RWE’s plans for new renewable subsidiary

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Similar to domestic rival E.ON, German energy giant RWE hopes the separation of its renewable business from ailing fossil fuel generation will help it to adjust to the sweeping changes triggered in the sector by the country’s Energiewende. In order to raise much needed capital, RWE plans to list a company called "innogy" focused on renewables and grids on the stockmarket by year-end. CLEW presents an overview of RWE’s plans, background material, as well as selected press commentaries. (Updates with new company name "innogy")

What are the changes at RWE?

With around 40,000 employees, two-thirds of the total RWE workforce, the new subsidiary will pool RWE’s renewables, grids and retail operations in Germany and abroad and generate annual revenues of around 40 billion euros, RWE said. In late June, RWE unveiled the name of its new “colourful, cheerful and innovative” subsidiary: “innogy”.  Until then, it was provisionally called “RWE International SE”.

Innogy's initial public offering (IPO) is scheduled to take place by the end of the year, but RWE said the exact date will depend on market conditions. It will be headquartered in the West German city of Essen, where the parent company RWE AG is also based.

The renewables subsidiary will be headed by Peter Terium, who will also retain his position as RWE CEO for an interim period. After the IPO, his current deputy Rolf Martin Schmitz will succeed him at the helm of RWE AG. Terium said the restructuring was a “mammoth task”. The new company will be "fast, decentralised, innovative and close to customers", he said, adding it intended not to simply keep up with the competition, but “to take a pioneering role and shape the energy market of the future.”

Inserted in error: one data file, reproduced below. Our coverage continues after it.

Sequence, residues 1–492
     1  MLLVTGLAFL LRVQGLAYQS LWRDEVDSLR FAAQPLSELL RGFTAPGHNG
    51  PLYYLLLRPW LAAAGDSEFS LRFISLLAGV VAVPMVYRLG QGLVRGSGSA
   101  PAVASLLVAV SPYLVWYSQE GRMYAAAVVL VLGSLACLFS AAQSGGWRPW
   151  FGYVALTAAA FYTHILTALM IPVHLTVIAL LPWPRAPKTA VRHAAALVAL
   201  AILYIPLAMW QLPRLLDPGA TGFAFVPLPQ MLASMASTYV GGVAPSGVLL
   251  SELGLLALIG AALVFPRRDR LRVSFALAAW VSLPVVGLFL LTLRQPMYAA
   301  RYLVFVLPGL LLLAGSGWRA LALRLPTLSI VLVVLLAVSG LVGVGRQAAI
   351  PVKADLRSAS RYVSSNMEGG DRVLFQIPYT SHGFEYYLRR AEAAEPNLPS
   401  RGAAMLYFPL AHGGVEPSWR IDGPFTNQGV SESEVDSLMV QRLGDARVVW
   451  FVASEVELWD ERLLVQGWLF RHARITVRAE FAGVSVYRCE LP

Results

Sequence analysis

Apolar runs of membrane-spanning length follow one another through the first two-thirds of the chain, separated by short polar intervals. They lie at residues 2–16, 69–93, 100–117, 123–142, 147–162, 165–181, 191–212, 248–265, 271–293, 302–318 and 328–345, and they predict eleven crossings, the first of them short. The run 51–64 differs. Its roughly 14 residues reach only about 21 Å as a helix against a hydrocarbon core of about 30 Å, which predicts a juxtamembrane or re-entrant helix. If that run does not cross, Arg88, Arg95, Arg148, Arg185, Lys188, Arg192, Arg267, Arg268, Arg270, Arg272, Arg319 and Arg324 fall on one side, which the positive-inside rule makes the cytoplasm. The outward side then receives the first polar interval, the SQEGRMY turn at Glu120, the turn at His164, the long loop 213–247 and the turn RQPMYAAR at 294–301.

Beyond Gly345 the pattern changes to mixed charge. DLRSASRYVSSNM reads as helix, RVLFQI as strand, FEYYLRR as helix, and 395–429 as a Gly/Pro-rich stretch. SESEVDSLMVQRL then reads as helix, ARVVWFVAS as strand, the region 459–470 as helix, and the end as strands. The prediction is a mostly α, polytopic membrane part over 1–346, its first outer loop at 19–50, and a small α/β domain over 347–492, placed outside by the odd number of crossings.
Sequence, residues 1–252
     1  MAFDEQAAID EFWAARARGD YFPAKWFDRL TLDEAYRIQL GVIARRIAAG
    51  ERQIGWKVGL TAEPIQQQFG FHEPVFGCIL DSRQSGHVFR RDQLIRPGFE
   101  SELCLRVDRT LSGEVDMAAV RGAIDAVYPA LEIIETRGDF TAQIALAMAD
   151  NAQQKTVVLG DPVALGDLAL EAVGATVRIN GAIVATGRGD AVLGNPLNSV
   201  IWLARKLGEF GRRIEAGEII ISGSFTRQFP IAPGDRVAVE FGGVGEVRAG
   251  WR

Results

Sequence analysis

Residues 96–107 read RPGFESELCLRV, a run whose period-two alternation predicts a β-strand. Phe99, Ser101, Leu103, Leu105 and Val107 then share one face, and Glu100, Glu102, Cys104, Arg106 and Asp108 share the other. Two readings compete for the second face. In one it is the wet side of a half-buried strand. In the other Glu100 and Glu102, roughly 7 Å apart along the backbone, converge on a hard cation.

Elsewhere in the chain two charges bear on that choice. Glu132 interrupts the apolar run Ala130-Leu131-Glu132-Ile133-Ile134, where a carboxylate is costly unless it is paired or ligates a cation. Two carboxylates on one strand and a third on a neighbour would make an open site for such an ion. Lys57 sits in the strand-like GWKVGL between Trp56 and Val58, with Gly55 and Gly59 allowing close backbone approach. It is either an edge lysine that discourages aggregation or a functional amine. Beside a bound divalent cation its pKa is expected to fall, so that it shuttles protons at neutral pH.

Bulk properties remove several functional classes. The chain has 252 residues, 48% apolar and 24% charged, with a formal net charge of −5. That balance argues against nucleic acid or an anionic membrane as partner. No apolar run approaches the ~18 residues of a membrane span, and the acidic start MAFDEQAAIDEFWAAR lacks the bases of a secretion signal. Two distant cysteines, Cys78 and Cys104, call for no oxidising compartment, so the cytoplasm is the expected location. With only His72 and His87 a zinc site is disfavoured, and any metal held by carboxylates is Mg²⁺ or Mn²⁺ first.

RWE’s plans were applauded by financial markets when first announced in detail in December 2015. Bank analysts said the split gave RWE much-needed access to fresh capital. For more details, read CLEW’s

RWE suspended payment of its ordinary dividend earlier this year. The move caused an outcry among many municipalities, who are shareholders and have relied on the payments for decades. The company’s annual general meeting is scheduled for 20. April and likely to feature heated debates.

The Background

RWE's decision comes at a time of rapid changes in Germany's energy landscape. The transition to green energy sources has dealt a heavy blow to its largest utilities' old business models. Renewables, mostly wind and solar, now produce roughly a third of electricity, but the largest power companies, such as RWE and E.ON, with their focus on fossil and nuclear power, have been slow to adapt.

Germany’s ambitious transition to renewable energy has left the four major utilities - RWE, E.ON, EnBW and Vattenfall - that have dominated the market for decades out in the cold. For more background on the utilities’ struggles see CLEW’s

The sharp rise of renewables and overcapacities have led to a collapse of the wholesale power price in Germany, spelling trouble for the large utilities’ fossil power plants. Many have become unprofitable due to the competition from green energy, a phenomenon explained in the

Germany’s nuclear exit is also a major headache for the utilities. Half of Germany's nuclear power plants have been switched off since 2011 and the rest will be shut down by 2022 at the latest, with utilities having to pay billions of euros for decommissioning. For background, see CLEW’s

Germany’s shift to renewable energy has created an entirely new class of market players in the utilities’ home turf, the energy market: Millions of Germans have turned into energy producers, investing in solar panels on their houses and buying shares in wind parks. For more background, see CLEW’s

 

RWE in the press

Frankfurter Rundschau, 1 April

“Tour de force of the utilities”

RWE’s split is "the most daring project in the history of Germany’s energy industry," writes Frank-Thomas Wenzel in the Frankfurter Rundschau. The partial sale of the new renewable and grid subsidiary by year-end is meant to bring in cash for renewables investments. “The company is teetering on the brink of the abyss. This is symptomatic of the whole sector,” writes Wenzel. Among Germany’s four biggest utilities, RWE delayed its restructuring the longest. Instead, the company invested in superfluous fossil power plants, creating massive overcapacities, according to Wenzel. “There are doubts about the chances of the latecomer. Many renewables competitors have a large head start.”   

Read the article in German here.

 

General-Anzeiger/dpa, 1 April

Dawn of a new era for RWE